Performance Pay

Written by Patricia Skinner
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Linking an employee's pay to his or her level of performance and output has become known as performance pay. In theory this is a very fair and acceptable way to reward workers for a job well done. In reality this method of rewarding employees can be fraught with issues.

Benefits of Performance Pay

To begin with, it is not unheard of for employees to accuse supervisors and managers of favoritism when settling levels of performance pay. For this very reason, performance pay tends to be more readily granted to the higher levels of company workers. In fact, over 80 percent of managers are now thought to be receiving rewards that are linked to their performance.

However, some estimates put the incidence of performance pay among ordinary workers at over 50 percent. There are very good reasons for paying a worker according to the work and effort he or she puts in. This kind of reward scheme is far more likely to motivate employees to give consistent levels of output. This method of pay is also more likely to attract the right caliber of worker for a given post, who is highly motivated and ready to commit to the job 100 percent.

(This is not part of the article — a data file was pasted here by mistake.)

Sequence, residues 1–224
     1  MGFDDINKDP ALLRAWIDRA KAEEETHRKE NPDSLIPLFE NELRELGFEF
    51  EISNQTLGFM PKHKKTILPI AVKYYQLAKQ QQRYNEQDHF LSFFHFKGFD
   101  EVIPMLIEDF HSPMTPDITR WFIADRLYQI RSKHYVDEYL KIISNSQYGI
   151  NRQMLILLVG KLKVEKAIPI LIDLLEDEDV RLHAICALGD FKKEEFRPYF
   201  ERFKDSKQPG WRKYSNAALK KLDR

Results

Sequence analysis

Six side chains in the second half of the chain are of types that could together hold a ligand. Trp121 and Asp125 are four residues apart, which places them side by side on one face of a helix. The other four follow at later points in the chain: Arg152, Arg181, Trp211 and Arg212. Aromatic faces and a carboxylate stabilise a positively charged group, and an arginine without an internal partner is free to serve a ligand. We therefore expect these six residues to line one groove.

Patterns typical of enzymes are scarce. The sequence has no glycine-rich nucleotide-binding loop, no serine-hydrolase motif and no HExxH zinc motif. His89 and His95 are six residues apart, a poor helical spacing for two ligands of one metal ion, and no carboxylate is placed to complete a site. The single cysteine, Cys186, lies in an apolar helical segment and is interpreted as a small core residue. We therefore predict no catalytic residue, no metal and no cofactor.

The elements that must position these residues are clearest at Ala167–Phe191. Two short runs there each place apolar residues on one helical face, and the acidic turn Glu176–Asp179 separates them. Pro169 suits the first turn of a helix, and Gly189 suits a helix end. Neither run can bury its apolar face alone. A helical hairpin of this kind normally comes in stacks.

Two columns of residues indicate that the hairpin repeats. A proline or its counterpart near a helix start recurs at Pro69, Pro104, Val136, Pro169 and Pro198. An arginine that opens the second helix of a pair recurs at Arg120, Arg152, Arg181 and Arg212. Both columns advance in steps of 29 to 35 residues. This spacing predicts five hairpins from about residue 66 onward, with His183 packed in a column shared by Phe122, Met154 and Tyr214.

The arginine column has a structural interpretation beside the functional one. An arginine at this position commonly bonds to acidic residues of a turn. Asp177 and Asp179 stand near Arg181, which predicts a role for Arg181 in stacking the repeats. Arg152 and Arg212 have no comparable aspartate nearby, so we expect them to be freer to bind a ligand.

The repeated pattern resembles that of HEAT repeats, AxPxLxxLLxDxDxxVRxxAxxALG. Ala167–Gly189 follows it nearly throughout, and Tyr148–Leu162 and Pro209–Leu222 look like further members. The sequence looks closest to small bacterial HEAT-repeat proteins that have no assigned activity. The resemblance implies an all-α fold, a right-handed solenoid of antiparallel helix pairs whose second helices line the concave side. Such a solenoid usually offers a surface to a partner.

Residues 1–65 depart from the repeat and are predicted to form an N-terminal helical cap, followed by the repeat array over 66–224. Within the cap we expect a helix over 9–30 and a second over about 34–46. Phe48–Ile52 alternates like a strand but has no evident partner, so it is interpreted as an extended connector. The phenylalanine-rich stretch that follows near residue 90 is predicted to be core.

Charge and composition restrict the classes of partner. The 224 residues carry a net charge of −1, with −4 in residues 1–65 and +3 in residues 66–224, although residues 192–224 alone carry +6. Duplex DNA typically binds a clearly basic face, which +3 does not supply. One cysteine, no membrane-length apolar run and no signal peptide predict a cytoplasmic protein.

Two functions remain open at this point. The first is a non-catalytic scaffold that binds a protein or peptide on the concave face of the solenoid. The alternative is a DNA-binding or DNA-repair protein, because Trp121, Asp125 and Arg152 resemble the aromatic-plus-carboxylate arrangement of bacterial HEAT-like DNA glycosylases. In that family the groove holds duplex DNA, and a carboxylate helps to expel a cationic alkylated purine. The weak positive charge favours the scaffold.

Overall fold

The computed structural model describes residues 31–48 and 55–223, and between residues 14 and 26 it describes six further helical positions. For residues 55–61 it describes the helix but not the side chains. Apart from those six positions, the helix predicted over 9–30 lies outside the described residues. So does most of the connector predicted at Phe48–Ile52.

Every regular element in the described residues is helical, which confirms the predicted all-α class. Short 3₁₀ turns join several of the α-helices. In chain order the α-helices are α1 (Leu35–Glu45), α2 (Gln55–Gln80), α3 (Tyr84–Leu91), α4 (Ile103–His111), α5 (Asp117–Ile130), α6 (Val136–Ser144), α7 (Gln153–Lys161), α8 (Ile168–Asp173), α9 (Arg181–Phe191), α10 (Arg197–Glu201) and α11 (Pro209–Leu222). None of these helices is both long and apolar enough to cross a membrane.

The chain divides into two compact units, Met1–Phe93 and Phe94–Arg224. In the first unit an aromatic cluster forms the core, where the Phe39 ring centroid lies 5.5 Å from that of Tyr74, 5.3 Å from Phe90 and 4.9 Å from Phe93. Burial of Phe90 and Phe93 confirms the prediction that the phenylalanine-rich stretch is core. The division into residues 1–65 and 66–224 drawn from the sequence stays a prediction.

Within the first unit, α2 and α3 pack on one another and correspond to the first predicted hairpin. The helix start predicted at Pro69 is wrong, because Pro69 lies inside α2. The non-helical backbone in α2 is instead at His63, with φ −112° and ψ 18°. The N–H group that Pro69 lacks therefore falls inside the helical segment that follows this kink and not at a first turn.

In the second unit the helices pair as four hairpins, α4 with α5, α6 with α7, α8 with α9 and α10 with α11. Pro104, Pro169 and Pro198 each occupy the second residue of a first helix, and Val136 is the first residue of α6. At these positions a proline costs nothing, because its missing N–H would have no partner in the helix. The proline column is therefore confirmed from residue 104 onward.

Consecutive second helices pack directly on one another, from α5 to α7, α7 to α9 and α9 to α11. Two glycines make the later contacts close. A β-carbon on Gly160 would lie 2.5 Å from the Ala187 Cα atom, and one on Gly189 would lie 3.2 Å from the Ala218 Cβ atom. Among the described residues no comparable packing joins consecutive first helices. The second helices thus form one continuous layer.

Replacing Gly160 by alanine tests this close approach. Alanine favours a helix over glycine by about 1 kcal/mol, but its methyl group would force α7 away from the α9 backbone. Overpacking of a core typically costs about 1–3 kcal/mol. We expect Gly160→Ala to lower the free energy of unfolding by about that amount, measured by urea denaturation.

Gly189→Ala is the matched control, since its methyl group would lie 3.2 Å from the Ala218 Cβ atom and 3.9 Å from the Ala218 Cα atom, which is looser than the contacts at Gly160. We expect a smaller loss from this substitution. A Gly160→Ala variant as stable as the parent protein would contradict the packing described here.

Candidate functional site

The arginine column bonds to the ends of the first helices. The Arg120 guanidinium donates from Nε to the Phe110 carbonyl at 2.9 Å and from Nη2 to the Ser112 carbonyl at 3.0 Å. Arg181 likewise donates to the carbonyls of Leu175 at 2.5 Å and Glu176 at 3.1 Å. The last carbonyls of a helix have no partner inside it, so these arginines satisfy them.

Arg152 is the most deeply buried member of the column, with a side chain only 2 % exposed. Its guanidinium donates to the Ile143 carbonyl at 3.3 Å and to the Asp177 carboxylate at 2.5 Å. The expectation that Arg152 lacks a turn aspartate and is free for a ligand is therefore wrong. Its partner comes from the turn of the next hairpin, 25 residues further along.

There are different ways of structuring performance pay. Some companies opt for a short term bonus plan. Others simply link base pay to production. To assume that this type of pay scheme is always successful would be erroneous. In fact some workers find such programs to be a demotivating force rather than the opposite. Some individuals do not do well when placed in a highly competitive atmosphere.


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